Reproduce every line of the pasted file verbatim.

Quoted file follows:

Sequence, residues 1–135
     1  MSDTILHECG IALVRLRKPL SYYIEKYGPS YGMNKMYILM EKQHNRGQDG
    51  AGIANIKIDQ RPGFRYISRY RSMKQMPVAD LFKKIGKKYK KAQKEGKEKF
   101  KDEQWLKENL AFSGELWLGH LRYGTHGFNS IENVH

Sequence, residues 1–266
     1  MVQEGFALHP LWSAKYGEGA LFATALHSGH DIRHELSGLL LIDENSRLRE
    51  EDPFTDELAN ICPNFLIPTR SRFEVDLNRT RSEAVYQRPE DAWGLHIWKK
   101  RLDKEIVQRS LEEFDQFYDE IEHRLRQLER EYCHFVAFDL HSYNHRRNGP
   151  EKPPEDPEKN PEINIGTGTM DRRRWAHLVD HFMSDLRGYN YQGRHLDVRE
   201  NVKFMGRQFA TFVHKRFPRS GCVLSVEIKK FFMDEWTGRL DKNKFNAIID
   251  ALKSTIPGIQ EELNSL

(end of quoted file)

Sequence, residues 1–135
     1  MSDTILHECG IALVRLRKPL SYYIEKYGPS YGMNKMYILM EKQHNRGQDG
    51  AGIANIKIDQ RPGFRYISRY RSMKQMPVAD LFKKIGKKYK KAQKEGKEKF
   101  KDEQWLKENL AFSGELWLGH LRYGTHGFNS IENVH

Sequence, residues 1–266
     1  MVQEGFALHP LWSAKYGEGA LFATALHSGH DIRHELSGLL LIDENSRLRE
    51  EDPFTDELAN ICPNFLIPTR SRFEVDLNRT RSEAVYQRPE DAWGLHIWKK
   101  RLDKEIVQRS LEEFDQFYDE IEHRLRQLER EYCHFVAFDL HSYNHRRNGP
   151  EKPPEDPEKN PEINIGTGTM DRRRWAHLVD HFMSDLRGYN YQGRHLDVRE
   201  NVKFMGRQFA TFVHKRFPRS GCVLSVEIKK FFMDEWTGRL DKNKFNAIID
   251  ALKSTIPGIQ EELNSL